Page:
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North Central Region
North Central Region
Incorporated in 1788, Bardstown is the state’s second oldest city and is best known for “My Old Kentucky Home,” the antebellum mansion that inspired Stephen Foster to write the state’s official song. The historic home now graces the Kentucky quarter. From trains, bourbon, the civil war, historic homes and “Stephen Foster-The Musical,” Bardstown has numerous attractions to see.
BELLEVUE / NEWPORT
Founded in 1795, Newport has an excellent mix of historic sites and contemporary developments. You can see the Cincinnati skyline as well as walk across the Ohio River on the Purple People Bridge. There is plenty to do for all ages.
Known as the “Folk Arts and Crafts Capital of Kentucky,” Berea is home to many of the State’s leading professional artists and craft people. Local artisans have working studios for such crafts as weaving, furniture making, quilting, pottery, jewelsmiths, photography, woodworking. Many encourage visitors to watch them as they work.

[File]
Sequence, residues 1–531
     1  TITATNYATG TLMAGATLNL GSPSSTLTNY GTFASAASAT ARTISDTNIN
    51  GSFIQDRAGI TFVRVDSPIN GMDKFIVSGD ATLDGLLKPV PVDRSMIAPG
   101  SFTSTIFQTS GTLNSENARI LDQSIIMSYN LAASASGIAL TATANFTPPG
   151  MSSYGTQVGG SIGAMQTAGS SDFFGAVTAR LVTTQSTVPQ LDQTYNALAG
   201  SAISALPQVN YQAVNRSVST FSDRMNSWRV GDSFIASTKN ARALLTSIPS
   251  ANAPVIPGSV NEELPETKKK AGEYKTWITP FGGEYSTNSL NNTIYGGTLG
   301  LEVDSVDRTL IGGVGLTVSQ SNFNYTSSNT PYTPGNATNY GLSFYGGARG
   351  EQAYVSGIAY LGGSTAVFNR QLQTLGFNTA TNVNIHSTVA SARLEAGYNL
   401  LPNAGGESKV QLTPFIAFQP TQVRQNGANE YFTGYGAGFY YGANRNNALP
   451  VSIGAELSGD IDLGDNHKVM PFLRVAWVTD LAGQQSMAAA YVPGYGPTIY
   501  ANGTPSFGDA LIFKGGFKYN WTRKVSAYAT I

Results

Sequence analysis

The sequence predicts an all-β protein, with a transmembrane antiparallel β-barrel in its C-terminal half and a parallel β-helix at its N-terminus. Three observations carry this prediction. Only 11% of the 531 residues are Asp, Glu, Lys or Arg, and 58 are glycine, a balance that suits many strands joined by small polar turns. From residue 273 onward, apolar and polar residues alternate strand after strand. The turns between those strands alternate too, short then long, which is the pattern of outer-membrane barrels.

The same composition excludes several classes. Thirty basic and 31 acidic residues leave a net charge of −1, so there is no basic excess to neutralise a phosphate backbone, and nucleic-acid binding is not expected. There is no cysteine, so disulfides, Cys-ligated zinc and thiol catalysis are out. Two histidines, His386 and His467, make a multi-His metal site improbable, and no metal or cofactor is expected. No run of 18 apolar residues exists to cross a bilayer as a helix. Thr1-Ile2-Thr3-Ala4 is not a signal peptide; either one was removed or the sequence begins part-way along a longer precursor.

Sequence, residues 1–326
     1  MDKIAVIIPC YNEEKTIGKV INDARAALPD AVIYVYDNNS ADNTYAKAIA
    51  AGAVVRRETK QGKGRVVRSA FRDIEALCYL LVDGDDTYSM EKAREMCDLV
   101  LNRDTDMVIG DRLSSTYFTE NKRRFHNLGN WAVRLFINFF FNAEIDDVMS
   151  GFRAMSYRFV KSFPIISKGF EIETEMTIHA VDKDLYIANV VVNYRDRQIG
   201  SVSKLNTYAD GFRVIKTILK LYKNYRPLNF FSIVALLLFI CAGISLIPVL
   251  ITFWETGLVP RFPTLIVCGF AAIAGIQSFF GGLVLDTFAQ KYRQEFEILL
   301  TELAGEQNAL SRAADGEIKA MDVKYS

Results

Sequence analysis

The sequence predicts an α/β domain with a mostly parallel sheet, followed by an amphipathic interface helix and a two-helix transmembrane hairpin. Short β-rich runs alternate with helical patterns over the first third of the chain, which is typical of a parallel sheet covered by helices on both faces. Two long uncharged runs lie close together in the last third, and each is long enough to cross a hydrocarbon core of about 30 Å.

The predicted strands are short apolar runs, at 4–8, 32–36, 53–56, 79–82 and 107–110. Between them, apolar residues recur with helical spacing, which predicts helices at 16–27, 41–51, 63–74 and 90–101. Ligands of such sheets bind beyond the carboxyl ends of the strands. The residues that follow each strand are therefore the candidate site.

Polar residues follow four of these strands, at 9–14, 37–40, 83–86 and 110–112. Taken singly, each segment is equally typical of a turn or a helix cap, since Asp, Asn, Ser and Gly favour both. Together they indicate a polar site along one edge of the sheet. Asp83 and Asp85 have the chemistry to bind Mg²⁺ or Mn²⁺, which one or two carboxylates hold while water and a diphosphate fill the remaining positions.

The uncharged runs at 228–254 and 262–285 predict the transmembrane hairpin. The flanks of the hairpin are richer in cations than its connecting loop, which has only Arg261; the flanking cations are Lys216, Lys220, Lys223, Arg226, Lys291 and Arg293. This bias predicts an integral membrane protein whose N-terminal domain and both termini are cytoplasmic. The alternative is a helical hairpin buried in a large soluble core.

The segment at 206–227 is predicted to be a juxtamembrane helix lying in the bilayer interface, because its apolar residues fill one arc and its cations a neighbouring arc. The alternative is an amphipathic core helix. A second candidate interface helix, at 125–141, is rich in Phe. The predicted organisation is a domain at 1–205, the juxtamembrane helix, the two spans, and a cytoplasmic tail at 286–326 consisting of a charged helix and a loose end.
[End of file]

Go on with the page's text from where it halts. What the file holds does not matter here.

The first settlement at the confluence of the Kentucky and Ohio Rivers was established in 1794 and called Port William. The name was changed to Carrollton in honor of Charles Carroll, one of the signers of the Declaration of Independence.
The City of Covington offers some of the best entertainment venues in the region. Main Strasse Village offers a variety of restaurants, taverns, and retail shops. The City is home to the 704 acre Devou Park, numerous other parks, playgrounds, and pools, two public golf courses, and the Bill Cappel Youth Sports Complex, which has four baseball fields and water park.
In the heart of Danville is Constitution Square Park where ten constitutional conventions took place. The park has a replica meetinghouse, courthouse and jail, as well as the original circa 1790s post office.
DRY RIDGE / WILLIAMSTOWN
Grant County is centrally located in Northern Kentucky. Hike the trails at Lloyd’s Wildlife Area in Crittenden. Fish in one of our seven lakes. Go boating on Lake Williamstown. Visit the world famous “Quilt Box” in Dry Ridge, or just kick back and enjoy Country and Bluegrass music at the Olde Star Theatre on Friday and Saturday nights in Williamstown. Grant County has something for everyone. We have several fine hotels. So, when traveling down I-75, stop at Dry Ridge, Williamstown, or Corinth and enjoy a good night’s rest and experience our “Southern Hospitality”.
Located on I-65 at the crossroads of the Western and Bluegrass Parkways, Elizabethtown is within easy driving distance to several of Kentucky’s most famous sites. The town is anchored with restaurants, shopping and plentiful lodging. Visit the Historic Downtown Walking Tour, the Schmidt’s Museum of Coca-Cola Memorabilia and recall memories at the Swope’s Cars of Yesteryear Museum.